isn’t as sinister—MacLachlan said that it’s never had any problems with the police
or the city—but FSE is still anticipating pushback from its new neighbors.

Wright was more sanguine. “If the process happens
slowly and more naturally, then you have time to work with everyone,” Wright
said. “It could be that we just work with neighbors in the area. I’m hoping
that’s what happens.”

To outsiders of the leather community, however, the
sight of men flogging one another isn’t easy to become accustomed to. As the
audience on the High Line demonstrated, leather, fetish and S&M makes most
people uncomfortable—and sometimes visibly disgusted.

“Weirdos,” one passerby commented. “So gross,” said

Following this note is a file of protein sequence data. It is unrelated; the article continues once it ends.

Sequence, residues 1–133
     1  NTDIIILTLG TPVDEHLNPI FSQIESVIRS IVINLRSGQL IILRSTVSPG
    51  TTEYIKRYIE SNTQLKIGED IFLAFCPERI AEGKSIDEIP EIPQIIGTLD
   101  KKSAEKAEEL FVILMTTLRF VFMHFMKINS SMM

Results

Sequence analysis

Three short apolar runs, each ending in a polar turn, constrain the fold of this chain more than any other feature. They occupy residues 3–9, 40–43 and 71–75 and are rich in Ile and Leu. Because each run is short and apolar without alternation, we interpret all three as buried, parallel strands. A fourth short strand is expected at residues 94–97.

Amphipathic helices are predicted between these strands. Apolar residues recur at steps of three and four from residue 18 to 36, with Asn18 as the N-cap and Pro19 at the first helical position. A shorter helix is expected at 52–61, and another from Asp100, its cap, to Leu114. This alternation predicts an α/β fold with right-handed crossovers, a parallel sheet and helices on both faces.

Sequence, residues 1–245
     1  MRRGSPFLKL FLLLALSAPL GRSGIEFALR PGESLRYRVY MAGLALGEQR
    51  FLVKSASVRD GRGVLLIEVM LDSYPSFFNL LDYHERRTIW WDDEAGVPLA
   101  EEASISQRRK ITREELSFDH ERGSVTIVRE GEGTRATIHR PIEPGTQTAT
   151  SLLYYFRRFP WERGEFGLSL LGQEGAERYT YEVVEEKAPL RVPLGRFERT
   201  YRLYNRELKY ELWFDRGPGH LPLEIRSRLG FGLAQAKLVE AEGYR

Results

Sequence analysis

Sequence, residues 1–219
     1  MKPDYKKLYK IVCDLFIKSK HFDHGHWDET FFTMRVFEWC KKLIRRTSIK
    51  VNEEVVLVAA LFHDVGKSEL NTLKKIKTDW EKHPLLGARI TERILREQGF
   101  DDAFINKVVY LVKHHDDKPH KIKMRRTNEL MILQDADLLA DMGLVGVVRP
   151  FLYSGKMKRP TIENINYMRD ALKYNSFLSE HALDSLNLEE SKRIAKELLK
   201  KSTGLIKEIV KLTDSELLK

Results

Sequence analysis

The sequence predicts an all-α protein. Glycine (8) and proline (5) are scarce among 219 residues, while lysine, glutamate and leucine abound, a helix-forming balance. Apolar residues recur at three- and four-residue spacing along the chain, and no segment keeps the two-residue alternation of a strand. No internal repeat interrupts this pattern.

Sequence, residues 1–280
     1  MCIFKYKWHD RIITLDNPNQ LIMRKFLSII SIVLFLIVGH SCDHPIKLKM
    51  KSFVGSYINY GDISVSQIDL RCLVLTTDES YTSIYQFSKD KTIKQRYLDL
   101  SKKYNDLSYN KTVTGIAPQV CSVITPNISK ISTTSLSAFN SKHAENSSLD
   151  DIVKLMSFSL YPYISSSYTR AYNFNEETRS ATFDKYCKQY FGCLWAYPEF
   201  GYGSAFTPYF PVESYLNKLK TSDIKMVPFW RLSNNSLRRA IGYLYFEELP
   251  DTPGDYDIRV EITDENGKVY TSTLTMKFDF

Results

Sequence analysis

another.

“Even as a New Yorker, it’s still weird,” said one
woman, who wished to remain anonymous.

The leather community is used to these kinds of
judgments, and it has created movements to raise awareness and fight against
prejudice. The festival is one such way of trying to gain acceptance. In fact,
the $10 suggested entrance fee also raises money for charity and over the years
has contributed to
the
Anti-Violence Project
, the National
Coalition for Sexual Freedom
and The Center,
New York’s LGBT Community Center.

“There’s still so much persecution and
discrimination,” said Wright, who is also a spokesperson for the National
Coalition for Sexual Freedom. “We have to be visible so that people realize we
are just part of the community. We are New Yorkers.”

Wright and MacLachlan both swore that FSE, even if
it was forced to move locations, would not be shutdown. The event is too
important for their community. “We are a large subculture in New York City,”
Wright said. “We need to be able to gather. Just like Puerto Ricans get their
day. This is our day.”